THUNDER BAY — The provincial Liberals' crushing defeat at the hands of the Progressive Conservative party has cost the Thunder Bay area its prominent place in the corridors of power at Queen's Park.
Prior to the election, both city ridings were represented by cabinet ministers, giving the area access and influence that few population centres of similar size could claim.
Thursday's election left Bill Mauro without his seat, and Michael Gravelle a member of a party that had lost official status in the legislature.
Coun. Rebecca Johnson says "There's no question that when you don't have a cabinet minister in your riding, it's a negative to a degree, and going from two to having none, it's definitely going to have an impact."
Johnson told Tbnewswatch "you don't have the intimate details of what's going on in government when you're not in cabinet. When you have a member in cabinet, they help develop the policy for the province, and can provide the influence from northwestern Ontario. That is gone, and that is unfortunate."
Coun. Iain Angus said losing the cabinet posts means "direct connections will be a lot more difficult." He said that's "a concern," but added that area municipal representatives have developed good connections with members of the Doug Ford government such as Vic Fedeli and others.
"We've got those relationships, and we will work hard to make sure that we connect with them, and find ways in which we can work together. The City of Thunder Bay is politically neutral. We will work with whoever is the government," Angus added.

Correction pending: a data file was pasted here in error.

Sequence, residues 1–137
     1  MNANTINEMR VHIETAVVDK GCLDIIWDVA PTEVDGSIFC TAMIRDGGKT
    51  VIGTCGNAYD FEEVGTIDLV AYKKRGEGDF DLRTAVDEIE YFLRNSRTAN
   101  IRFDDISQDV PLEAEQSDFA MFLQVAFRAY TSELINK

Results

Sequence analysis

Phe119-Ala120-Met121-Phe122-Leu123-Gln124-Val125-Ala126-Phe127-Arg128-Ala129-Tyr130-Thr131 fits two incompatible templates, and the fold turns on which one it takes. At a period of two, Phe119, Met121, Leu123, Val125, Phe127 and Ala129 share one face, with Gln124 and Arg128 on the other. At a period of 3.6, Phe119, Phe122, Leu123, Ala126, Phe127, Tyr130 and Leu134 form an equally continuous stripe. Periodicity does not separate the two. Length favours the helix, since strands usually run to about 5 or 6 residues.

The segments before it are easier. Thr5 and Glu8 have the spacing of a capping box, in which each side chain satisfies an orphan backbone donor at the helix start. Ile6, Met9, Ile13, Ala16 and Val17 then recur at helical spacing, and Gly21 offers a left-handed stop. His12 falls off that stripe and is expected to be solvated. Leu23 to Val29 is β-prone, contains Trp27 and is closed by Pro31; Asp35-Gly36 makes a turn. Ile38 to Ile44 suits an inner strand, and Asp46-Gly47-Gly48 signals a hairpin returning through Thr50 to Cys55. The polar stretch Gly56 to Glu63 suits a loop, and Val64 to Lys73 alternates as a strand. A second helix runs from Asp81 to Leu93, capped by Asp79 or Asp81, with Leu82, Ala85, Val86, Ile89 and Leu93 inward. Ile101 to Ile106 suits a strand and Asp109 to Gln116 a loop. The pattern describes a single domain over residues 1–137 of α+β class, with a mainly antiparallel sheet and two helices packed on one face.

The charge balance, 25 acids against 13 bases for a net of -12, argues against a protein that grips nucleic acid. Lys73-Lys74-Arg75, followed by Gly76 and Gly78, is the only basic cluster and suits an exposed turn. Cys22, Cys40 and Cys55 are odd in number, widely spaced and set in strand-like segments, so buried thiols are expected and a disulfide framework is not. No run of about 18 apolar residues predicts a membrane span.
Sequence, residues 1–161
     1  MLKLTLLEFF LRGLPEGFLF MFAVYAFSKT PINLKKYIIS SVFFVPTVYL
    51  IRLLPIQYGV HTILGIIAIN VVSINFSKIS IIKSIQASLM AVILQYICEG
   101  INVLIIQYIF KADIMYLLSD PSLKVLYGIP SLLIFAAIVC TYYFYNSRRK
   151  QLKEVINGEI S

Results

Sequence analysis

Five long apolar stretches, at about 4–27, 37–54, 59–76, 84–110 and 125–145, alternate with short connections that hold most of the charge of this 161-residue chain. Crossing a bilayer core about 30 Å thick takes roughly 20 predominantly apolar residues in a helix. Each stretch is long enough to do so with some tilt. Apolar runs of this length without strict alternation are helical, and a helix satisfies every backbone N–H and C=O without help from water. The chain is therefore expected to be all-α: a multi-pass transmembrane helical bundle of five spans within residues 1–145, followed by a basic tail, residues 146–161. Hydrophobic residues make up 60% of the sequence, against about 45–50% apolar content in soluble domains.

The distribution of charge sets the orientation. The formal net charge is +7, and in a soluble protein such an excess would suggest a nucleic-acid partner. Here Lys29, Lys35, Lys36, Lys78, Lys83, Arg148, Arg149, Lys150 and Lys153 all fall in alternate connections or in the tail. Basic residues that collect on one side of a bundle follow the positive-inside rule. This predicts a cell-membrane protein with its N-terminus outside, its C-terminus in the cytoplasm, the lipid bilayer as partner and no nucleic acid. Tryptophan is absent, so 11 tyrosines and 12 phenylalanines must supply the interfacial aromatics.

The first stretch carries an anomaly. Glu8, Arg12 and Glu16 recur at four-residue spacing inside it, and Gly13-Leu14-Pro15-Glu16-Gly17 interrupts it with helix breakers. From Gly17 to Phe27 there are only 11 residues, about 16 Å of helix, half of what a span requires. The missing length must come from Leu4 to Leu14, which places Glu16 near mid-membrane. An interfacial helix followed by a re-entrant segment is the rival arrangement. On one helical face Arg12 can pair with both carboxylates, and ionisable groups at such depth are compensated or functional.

Both Angus and Johnson said they hope newly-elected Kenora-Rainy River PC member Greg Rickford will be able to advocate for all of northwestern Ontario within the provincial government.
Shuniah mayor Wendy Landry, president of the Northwestern Ontario Municipal Association, said NOMA has fostered an "excellent" working relationship with all three major political parties, "with the PC party specifically as well."
While conceding that losing two cabinet positions "is definitely a loss for the region," Landry said she's confident NOMA can forge strong government-to-government relationships with the PCs to promote the mining sector, forest industry, and the need for funding for "the critical infrastructure that's hurting right now."